This is coming rather later than usual, I know: I went bowling with friends in London yesterday after a rather crazier week than usual, so I didn’t get around to setting things up properly. It was a lot of fun, though and the music was amazing—we (and many others in other lanes) all danced a lot while waiting our turns to bowl, which was as fun as it sounds!
Did you do anything fun this week?
Terms and conditions (essay)
Do you know what it’s like to hope people treat you better but keep finding it somehow elusive? That’s what I talk about in my essay this week. It’s my story of how I stopped being a pushover and learned to be assertive instead of hoping people would treat me well only to keep getting disappointed.
I used to be very shy.
Many people who know me now find that hard to believe but it’s true. I was a pushover growing up, for both physical and psychological reasons. Physically I was thin, and for a boy in 80s Nigeria that was bad news: for me that meant being literally pushed over during football games. I often got pushed around because I was didn’t look like I could take most people on in a fight. (I couldn’t.)
But that was nothing compared to the way I felt inside.
You can read the rest of the essay here: Living on your terms
Firm, not confrontational
Any job that has you interfacing with people puts you at that much more risk of abuse from some of them. In healthcare that’s gets even more because you’re often dealing with people on their bad days—they often wouldn’t be seeing you if they could help it. And working in psychiatry on top of that means they’re more likely to have their filters off and to be acting very different from how they normally act.
All that said, abuse simply isn’t acceptable, even if the person doing it (as if often the case) would be very apologetic when they’re much better. Early on in my psychiatry training in Nigeria, though, I learned something I’ve never forgotten: to think in terms of being firm but not confrontational when engaging people.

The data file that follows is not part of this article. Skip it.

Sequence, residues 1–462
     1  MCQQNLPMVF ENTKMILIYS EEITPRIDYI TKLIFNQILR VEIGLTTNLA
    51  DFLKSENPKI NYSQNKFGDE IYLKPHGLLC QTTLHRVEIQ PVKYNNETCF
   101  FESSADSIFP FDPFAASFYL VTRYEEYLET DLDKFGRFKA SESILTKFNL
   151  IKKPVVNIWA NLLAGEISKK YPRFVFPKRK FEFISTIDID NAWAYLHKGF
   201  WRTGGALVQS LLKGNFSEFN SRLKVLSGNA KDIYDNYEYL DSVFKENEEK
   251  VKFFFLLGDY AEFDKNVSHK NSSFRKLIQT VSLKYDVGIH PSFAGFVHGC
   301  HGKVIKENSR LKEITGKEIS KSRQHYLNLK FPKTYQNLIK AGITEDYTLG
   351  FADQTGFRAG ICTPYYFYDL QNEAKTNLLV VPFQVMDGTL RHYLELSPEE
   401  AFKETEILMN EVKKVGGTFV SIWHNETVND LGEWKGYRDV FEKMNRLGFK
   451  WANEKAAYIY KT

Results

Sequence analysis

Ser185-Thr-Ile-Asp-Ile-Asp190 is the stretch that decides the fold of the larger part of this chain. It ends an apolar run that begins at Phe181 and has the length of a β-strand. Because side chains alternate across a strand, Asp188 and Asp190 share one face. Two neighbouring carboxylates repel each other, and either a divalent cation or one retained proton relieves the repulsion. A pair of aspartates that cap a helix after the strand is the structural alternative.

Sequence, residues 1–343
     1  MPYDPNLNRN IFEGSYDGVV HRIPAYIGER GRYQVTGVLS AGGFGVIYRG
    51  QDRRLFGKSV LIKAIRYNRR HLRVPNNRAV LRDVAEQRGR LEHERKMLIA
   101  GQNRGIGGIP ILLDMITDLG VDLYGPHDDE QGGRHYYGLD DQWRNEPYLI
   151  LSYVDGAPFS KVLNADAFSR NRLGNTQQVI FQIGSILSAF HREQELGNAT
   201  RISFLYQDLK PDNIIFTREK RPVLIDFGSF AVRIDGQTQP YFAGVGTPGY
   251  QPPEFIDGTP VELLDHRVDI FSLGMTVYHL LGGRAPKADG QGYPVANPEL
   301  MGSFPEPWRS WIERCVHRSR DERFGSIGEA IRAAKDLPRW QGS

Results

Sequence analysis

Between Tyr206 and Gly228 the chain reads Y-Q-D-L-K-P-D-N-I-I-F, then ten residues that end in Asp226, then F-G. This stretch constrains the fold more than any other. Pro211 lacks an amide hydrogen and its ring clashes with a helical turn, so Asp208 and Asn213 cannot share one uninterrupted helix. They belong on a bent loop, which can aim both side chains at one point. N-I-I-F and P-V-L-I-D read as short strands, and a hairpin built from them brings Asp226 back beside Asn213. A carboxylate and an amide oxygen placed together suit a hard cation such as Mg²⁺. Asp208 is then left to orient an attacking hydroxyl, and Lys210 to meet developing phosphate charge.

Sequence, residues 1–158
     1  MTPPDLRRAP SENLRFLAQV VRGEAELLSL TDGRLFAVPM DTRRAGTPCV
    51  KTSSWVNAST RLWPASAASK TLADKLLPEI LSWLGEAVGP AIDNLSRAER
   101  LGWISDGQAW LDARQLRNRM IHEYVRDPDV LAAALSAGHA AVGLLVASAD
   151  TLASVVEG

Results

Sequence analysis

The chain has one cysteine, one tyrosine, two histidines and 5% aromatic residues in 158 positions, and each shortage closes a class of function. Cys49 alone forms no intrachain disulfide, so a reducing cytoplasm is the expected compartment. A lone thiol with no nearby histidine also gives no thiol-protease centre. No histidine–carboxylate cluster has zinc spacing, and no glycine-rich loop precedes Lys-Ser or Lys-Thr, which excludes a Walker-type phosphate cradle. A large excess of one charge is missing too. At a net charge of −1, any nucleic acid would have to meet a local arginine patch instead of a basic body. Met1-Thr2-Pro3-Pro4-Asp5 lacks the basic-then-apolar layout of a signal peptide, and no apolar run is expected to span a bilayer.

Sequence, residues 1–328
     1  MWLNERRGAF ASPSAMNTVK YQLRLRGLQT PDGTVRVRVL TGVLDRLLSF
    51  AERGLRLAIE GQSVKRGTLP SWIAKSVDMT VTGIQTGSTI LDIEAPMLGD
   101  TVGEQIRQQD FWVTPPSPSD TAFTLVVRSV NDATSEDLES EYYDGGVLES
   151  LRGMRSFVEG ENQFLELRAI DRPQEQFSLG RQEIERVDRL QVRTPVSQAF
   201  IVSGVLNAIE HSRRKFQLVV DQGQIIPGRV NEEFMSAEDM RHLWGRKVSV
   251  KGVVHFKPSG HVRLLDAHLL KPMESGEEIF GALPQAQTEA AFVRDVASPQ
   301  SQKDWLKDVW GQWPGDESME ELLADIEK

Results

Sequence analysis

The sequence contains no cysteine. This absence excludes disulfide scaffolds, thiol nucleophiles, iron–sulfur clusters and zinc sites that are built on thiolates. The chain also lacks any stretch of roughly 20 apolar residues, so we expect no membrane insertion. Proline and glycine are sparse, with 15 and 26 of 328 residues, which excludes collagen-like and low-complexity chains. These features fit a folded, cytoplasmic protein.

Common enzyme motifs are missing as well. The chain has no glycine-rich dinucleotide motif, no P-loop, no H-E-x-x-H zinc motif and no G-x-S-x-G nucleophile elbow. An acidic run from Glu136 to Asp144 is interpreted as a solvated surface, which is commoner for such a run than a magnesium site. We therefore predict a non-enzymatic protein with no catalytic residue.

And I’m not just talking about patients: tense situations happen in all kinds of settings. I just happen to maybe get a bit more practice than most.
That means being clear—assertive—about what I expect or would like (the firm part) but without undermining the other person’s autonomy or dignity. I learned from watching others do it, but I think knowing what I was aiming for made it easier to recognise. So I’ve learned to stay calm when the other person isn’t, to keep my voice level when they’re raising theirs, to listen without interrupting when they’re talking, but also gently but firmly stop them if they just keep going.
As an example, I’ve found calling people by name and asking, “Would you like me to respond to your concerns?” can be pretty effective at getting them to take a breath.
Roses and red flags (quote)
This week’s quote is from one of the characters in the Netflix show, BoJack Horseman. It struck me the first time I read it because it’s a little cheesy, and yet it’s precisely true (which is basically a description of the show itself).
You know, it's funny. When you look at someone through rose-coloured glasses, all the red flags just look like flags.
— BoJack Horseman S2:E11
Moon limits (Yoruba proverb)
In the spirit of this week’s essay…
The moon knows its limits—that’s why it doesn’t appear at noon.
Or as the English proverb goes: good fences make good neighbours. It’s just unfortunate that sometimes you do have to remind people where the fences are. Have you had to do that recently?